New CT-based diagnoses of torso cancer is low in the emergency department setting

Research output: Contribution to journalArticle

Abstract

Purpose: The incidence of new CT-based torso cancer diagnoses and the most commonly diagnosed cancer types in the emergency department (ED) setting are unknown. The purpose of our study was to determine the incidence and types of new CT-based torso cancer diagnoses in the ED. Methods: A total of 19,496 CT reports including all or parts of the torso from 2017 were searched for the keywords: “mass”, “tumor”, “neoplasm”, “malignancy”, or “cancer”. Each report and corresponding medical record was evaluated for presence of a new cancer. Cases were scored as no cancer, subcentimeter lung nodule, known cancer, new cancer, or suspicious, but unconfirmed for new cancer. Each mass was characterized as symptom-related or incidental. Results: At least one keyword was found in 2086 reports. Of these 706, 126 and 905 were known cancer cases, subcentimeter lung nodules, and non-cancerous cases, respectively. There were 251 confirmed new cancers and 98 suspicious cases which lacked adequate diagnostic workup. Depending on whether only definite or definite and suspicious cases were included together, the number of new cancer cases per 100 torso CT exams was 1.3 or 1.8, respectively. Gastrointestinal, lung, pancreaticobiliary, urinary, and gynecologic cancers were most common. Only 58 of the confirmed cases (23%) were deemed as incidental findings. Conclusion: CT-diagnosis of new torso cancers was uncommon in our setting. Still, while extensive knowledge of cancer staging may not be necessary for ED radiologists, knowledge of the most common types of cancer including gastrointestinal, lung, pancreaticobiliary, urinary, and gynecologic cancers may improve sensitivity for these diagnoses and may expedite appropriate referrals for the newly diagnosed patients.

Original languageEnglish (US)
JournalEmergency Radiology
DOIs
StateAccepted/In press - Jan 1 2019

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Torso
Hospital Emergency Service
Neoplasms
Lung
Incidental Findings
Gastrointestinal Neoplasms
Neoplasm Staging
Incidence

Keywords

  • Cancer diagnosis
  • Cancer incidence
  • CT
  • Diagnosis
  • Emergency department

ASJC Scopus subject areas

  • Emergency Medicine
  • Radiology Nuclear Medicine and imaging

Cite this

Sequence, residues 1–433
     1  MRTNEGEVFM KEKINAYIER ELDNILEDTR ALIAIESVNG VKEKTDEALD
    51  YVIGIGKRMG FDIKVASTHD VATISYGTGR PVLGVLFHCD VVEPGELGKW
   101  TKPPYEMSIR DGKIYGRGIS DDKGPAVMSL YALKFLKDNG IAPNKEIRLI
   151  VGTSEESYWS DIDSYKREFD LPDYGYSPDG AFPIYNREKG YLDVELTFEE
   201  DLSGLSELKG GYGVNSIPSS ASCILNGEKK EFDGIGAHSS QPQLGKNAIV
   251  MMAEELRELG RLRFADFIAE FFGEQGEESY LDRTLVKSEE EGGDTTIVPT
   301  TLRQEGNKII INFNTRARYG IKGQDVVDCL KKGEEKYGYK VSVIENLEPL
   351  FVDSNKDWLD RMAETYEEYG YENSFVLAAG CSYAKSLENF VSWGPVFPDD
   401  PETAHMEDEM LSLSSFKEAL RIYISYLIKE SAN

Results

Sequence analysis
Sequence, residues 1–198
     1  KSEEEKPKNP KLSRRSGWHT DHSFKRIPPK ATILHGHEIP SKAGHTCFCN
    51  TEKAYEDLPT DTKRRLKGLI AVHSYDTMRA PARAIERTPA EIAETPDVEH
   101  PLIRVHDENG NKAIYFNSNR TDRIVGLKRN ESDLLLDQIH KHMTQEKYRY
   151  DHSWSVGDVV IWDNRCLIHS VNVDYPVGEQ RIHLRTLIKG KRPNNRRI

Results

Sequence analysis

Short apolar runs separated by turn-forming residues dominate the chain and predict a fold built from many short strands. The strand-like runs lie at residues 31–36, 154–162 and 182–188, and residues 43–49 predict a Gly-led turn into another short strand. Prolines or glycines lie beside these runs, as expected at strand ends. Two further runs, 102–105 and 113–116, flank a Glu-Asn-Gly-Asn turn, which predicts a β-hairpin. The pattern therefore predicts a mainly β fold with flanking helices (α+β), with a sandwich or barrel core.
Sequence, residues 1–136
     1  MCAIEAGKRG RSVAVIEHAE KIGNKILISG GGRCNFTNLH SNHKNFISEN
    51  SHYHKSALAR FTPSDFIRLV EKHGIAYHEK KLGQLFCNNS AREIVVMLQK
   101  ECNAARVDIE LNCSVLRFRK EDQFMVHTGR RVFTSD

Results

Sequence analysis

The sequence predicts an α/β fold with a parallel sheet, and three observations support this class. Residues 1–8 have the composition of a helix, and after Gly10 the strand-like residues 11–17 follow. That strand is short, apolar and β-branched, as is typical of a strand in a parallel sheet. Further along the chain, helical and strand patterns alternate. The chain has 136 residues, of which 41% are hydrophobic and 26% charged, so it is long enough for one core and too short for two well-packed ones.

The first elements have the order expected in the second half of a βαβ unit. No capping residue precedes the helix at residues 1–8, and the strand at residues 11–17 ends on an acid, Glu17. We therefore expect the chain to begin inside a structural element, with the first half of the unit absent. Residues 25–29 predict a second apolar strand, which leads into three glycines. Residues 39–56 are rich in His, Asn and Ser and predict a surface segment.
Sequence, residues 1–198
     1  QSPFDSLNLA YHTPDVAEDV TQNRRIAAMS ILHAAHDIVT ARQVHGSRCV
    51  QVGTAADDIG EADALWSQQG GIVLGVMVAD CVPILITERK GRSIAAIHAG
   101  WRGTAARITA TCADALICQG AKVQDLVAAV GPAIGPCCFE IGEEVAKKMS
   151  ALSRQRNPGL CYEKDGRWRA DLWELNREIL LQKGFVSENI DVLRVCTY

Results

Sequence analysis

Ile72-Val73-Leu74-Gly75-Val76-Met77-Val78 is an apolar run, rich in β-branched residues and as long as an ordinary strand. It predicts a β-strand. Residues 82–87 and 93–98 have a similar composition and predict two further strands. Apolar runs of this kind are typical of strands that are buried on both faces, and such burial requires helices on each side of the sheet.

@article{64c1dbdb1a5c46f384585a1abbbb1c64,
title = "New CT-based diagnoses of torso cancer is low in the emergency department setting",
abstract = "Purpose: The incidence of new CT-based torso cancer diagnoses and the most commonly diagnosed cancer types in the emergency department (ED) setting are unknown. The purpose of our study was to determine the incidence and types of new CT-based torso cancer diagnoses in the ED. Methods: A total of 19,496 CT reports including all or parts of the torso from 2017 were searched for the keywords: “mass”, “tumor”, “neoplasm”, “malignancy”, or “cancer”. Each report and corresponding medical record was evaluated for presence of a new cancer. Cases were scored as no cancer, subcentimeter lung nodule, known cancer, new cancer, or suspicious, but unconfirmed for new cancer. Each mass was characterized as symptom-related or incidental. Results: At least one keyword was found in 2086 reports. Of these 706, 126 and 905 were known cancer cases, subcentimeter lung nodules, and non-cancerous cases, respectively. There were 251 confirmed new cancers and 98 suspicious cases which lacked adequate diagnostic workup. Depending on whether only definite or definite and suspicious cases were included together, the number of new cancer cases per 100 torso CT exams was 1.3 or 1.8, respectively. Gastrointestinal, lung, pancreaticobiliary, urinary, and gynecologic cancers were most common. Only 58 of the confirmed cases (23{\%}) were deemed as incidental findings. Conclusion: CT-diagnosis of new torso cancers was uncommon in our setting. Still, while extensive knowledge of cancer staging may not be necessary for ED radiologists, knowledge of the most common types of cancer including gastrointestinal, lung, pancreaticobiliary, urinary, and gynecologic cancers may improve sensitivity for these diagnoses and may expedite appropriate referrals for the newly diagnosed patients.",